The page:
Yes, we want referrals. We want a plethora of referrals.  A veritableparade of referrals.

We want our phones to ring, two or three times a week, with calls like this:

“Hi, I’m Ruth Martin. I got your name from Ted Baker who says you’re something of a genius with copy. We are revamping our website and I was wondering if I could talk to you about it?”

Even if they don’t actually say ‘genius’ (which I tend to hear whether they say it or not) a referral is always a stroke to the ego. It’s a validation of your choice of career, a confirmation of your brilliance and your worth to humanity.  At least for that day, anyway

Referrals are also money. With a referral you jump past all the pain of chasing, courting, and talking about yourself. Someone has already verified that you are not a lunatic or a crook or a bumbler. You start on third base with an 82% chance of scoring.

And better still, a referral can beget another client who can in turn beget another referral .  It creates a biblical chain of begetting: A snowballing, critical-mass, cascading thing that can keep you busy for years.

It means that one ripe referral is worth five random inquries from your web site.  Or even ten.

So how do you boost the odds of one client recommending you to another? Without nagging or being an ass about it, that is.  (Yes, you need to do good work and not screw up. But you are doing that already.)

Here’s the only thing that ever worked for me and the freelancers I know:

Make it so the client likes to pass your name along.

Make it so they get a friendly little buzz, a happy stroke to theirego from sending someone to you.

First, ask

Oddly enough, clients are usually glad to refer others to you, but simply don’t think of it. They aren’t spending their days looking for opportunities for you.

I was also aghast to hear many clients say “I didn’t give him your name because I wasn’t sure  if you were taking on new clients. I thought maybe you were too busy.”

That was a WTF moment for me. Now I set everyone straight with an email or phone call:


Really enjoyed working on the new identity and packaging with you. And you were definitely right about showing the team different font options. (Much as I hate to admit it.)  I’m liking the way it turned out.

Thanks for the opportunity.

And if you ever have a colleague who’s considering a design project, I’d be more than happy to talk to them and discuss a few ideas. Any time. Really. They mention your name, they get a-list attention.

The point is, of course, is that you’re eager for referrals because you just love doing this stuff.  You liked working with that client so much that you’d be willing to talk to a friend of hers any day of the week.  (It’s never, never because you’re hard up for work.)

And you’re assuring her that if she does send someone your way, you will respond and be helpful and enthusiastic. There is nothing worse than for a client to hear:  “Hey, I called that guy you recommended. Never got back to me.” That kills future referrals dead.

The exact same tactic works or people who aren’t clients. Maybe people you meet socially.  Or people who don’t buy your services directly, but may have contact with people who do.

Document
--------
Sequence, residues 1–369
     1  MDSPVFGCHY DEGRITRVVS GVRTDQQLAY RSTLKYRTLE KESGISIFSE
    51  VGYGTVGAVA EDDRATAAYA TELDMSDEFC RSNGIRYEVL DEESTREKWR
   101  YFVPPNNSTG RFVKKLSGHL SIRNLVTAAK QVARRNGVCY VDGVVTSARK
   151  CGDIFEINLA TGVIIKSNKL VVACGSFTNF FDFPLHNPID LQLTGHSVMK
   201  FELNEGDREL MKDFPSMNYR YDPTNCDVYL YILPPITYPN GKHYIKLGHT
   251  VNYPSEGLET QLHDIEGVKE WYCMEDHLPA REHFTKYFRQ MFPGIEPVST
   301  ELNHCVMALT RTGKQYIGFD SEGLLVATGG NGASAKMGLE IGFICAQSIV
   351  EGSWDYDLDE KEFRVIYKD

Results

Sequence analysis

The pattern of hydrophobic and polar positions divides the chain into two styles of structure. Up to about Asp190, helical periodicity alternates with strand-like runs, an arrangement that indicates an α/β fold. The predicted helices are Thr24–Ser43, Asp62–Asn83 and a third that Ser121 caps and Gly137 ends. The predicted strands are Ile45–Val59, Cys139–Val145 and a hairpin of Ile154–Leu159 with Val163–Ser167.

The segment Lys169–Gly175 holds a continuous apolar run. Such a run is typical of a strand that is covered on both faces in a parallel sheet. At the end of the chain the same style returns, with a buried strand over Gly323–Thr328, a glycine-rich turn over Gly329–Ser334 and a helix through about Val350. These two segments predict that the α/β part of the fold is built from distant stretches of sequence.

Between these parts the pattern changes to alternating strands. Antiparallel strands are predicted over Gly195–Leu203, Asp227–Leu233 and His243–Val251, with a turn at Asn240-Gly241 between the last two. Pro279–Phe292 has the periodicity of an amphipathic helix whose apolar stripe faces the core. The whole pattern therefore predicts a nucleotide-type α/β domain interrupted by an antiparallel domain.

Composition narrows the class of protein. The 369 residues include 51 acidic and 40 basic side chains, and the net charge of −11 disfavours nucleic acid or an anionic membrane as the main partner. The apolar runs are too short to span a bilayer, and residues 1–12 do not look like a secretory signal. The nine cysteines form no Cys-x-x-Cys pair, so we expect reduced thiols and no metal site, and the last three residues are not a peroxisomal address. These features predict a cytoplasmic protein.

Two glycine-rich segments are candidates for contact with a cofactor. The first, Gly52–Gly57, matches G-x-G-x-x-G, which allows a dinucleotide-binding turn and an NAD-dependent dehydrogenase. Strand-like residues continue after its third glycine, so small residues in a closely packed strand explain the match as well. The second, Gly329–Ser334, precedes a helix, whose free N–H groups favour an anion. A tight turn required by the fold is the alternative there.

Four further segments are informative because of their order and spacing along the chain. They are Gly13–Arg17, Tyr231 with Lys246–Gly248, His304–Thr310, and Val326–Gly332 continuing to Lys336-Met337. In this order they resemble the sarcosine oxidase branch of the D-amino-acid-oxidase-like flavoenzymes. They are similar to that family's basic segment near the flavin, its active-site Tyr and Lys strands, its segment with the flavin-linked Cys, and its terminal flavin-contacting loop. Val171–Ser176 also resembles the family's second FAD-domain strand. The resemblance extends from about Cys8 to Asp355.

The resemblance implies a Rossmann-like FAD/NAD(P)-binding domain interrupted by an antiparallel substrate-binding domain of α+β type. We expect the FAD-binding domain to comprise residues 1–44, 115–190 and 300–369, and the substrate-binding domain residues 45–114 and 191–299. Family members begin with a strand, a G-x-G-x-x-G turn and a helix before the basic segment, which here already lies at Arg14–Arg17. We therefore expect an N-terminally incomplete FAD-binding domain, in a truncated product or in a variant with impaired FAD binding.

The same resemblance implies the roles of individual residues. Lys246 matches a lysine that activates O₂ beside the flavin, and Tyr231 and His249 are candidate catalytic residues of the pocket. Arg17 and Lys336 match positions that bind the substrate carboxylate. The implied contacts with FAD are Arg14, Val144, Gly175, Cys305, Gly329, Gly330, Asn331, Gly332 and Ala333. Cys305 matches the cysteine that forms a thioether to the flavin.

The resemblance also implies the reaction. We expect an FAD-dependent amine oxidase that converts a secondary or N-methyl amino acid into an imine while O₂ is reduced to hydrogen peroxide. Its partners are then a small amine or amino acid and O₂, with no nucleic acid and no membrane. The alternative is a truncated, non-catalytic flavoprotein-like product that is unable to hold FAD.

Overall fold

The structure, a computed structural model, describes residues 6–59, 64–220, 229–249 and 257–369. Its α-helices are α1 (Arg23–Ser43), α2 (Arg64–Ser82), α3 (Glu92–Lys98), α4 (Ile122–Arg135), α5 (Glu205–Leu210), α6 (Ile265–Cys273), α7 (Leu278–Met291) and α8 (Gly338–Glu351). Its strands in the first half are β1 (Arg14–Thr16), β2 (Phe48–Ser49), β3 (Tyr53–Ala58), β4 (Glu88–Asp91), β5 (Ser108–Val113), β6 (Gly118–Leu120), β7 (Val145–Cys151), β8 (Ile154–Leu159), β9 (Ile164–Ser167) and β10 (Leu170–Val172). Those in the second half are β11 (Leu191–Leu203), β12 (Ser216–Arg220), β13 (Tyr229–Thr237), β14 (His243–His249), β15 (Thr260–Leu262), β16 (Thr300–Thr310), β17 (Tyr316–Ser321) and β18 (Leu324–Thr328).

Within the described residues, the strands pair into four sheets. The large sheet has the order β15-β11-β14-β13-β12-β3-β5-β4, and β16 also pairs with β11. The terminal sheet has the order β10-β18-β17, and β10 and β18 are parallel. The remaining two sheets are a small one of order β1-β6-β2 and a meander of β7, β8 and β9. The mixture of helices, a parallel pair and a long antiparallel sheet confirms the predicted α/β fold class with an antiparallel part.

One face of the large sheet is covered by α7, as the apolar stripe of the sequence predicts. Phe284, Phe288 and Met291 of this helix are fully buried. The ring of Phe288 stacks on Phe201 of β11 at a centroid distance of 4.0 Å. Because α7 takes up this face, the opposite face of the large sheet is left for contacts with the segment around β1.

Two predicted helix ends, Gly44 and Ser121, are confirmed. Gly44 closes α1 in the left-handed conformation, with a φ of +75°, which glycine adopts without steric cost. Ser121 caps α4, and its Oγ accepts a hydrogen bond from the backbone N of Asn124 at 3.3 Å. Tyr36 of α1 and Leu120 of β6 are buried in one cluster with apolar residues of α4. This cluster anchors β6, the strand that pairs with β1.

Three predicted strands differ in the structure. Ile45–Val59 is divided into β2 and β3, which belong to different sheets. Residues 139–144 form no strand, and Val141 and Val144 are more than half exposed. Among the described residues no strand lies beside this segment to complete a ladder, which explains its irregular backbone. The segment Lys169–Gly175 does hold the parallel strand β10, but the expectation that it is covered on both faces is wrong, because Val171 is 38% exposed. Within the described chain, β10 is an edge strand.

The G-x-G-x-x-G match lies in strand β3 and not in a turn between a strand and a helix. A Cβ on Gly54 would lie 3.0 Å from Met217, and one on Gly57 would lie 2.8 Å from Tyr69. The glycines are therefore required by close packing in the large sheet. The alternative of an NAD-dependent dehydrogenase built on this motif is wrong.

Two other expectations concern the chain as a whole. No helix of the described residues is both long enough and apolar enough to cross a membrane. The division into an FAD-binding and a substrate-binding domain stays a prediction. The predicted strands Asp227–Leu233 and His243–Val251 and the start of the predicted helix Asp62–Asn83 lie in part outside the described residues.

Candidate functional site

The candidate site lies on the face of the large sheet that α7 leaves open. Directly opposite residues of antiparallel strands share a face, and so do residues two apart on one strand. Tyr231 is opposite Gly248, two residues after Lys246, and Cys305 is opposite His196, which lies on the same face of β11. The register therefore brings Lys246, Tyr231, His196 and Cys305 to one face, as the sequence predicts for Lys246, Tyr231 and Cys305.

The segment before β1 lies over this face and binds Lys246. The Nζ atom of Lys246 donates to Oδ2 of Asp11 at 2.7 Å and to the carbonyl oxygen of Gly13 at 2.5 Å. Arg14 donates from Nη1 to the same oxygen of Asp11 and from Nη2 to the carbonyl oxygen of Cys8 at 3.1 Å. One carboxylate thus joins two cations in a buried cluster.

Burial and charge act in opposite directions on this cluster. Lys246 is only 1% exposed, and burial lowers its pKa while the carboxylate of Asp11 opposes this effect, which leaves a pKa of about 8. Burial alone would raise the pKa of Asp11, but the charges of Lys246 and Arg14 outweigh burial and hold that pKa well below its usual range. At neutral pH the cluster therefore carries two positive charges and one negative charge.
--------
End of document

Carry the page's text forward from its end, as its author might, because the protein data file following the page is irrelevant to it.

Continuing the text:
Enjoyed talking with you the other night. I must apologize for bending your ear so much about web site design.  I tend to get on a soapbox about such things.  Can’t help myself sometimes. Anyway, thanks for listening. Next time, you can do the talking.

Oh, and if you ever know of someone who’s wrestling with a web site, send them my way. I’d be more than happy to chat with them. And I promise not to go on so much.


Say thanks

Always, always.


I want thank you for referring Ted Hagen to me. We had an interesting discussion about his new site. Ted seems like a bright guy. And he has an uncommonly good understanding of his market.

I’ll be sending him a formal proposal next week.  I’ll let you know what happens.
And again, thanks for mentioning me to Ted.

Even if it doesn’t work out.


Thank you for sending Don Baker to see me. I think he’s onto something with his new restaurant concept.  Very intriguing.  But based on his budget, I thought another designer might be a better match for him. He seemed to appreciate that. I suggested a few names to him.  He’ll be contacting them shortly.

I was actually quite flattered you thought to recommend me. Very kind of you.  Feel free, any time.

Follow up

I used to be lax about this. Which was a mistake. Clients seem to likehearing they did a good thing.


Good stuff!  Just wanted let you know it looks like Ted Hagen and I will be moving ahead with his new web content. He seems eager to get going.  And I’m looking forward to working on it. This could really be good.

Thanks again for thinking to send Ted to see me. Worked out swell all around.  And I’m glad I could live up to your recommendation.

Lunch is on me next time.

Even if it doesn’t work out.


I just wanted to follow up about Ted Hagen’s project. It seems he’s going with another writer this time around. But we parted friends, and it was certainly fun to be in the running.  I learned a thing or two in the process, too.

And thanks again for thinking to recommend me. I appreciate the opportunity.

Does this seem like too much work?  Good. Then maybe your competitor won’t do it.  Does it sound like too much thanking?  No such thing.